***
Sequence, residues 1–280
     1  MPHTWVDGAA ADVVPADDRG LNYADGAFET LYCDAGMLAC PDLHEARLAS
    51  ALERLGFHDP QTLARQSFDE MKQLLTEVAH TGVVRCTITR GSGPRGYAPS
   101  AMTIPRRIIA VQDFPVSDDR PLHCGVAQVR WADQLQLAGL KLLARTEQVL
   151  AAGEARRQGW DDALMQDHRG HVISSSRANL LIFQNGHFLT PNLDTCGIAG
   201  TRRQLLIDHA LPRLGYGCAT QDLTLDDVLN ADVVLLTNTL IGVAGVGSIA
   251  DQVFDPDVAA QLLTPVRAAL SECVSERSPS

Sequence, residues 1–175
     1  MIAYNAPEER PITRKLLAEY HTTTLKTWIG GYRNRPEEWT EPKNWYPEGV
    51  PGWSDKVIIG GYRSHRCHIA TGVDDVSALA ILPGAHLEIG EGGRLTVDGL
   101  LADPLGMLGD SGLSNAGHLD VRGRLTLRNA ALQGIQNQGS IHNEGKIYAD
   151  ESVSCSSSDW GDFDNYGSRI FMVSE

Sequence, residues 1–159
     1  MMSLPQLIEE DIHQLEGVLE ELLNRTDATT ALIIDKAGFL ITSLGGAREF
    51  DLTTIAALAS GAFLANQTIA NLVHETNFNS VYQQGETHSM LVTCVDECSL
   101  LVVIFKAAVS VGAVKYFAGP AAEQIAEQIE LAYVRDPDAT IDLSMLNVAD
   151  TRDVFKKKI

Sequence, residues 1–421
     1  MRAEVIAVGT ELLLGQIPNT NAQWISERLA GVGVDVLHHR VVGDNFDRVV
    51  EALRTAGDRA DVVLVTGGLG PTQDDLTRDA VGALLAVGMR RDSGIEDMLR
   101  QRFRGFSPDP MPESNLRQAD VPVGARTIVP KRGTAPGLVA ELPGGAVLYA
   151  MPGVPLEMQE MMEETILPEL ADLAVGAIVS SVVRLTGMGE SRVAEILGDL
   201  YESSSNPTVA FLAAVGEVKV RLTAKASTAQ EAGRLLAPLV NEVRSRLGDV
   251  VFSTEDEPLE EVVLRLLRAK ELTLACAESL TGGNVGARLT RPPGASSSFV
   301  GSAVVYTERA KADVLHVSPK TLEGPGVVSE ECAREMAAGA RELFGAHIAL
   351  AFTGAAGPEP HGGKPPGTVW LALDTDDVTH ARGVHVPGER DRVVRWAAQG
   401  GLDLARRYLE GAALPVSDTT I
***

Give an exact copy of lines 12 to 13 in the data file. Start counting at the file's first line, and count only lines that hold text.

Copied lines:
   151  ESVSCSSSDW GDFDNYGSRI FMVSE

Sequence, residues 1–159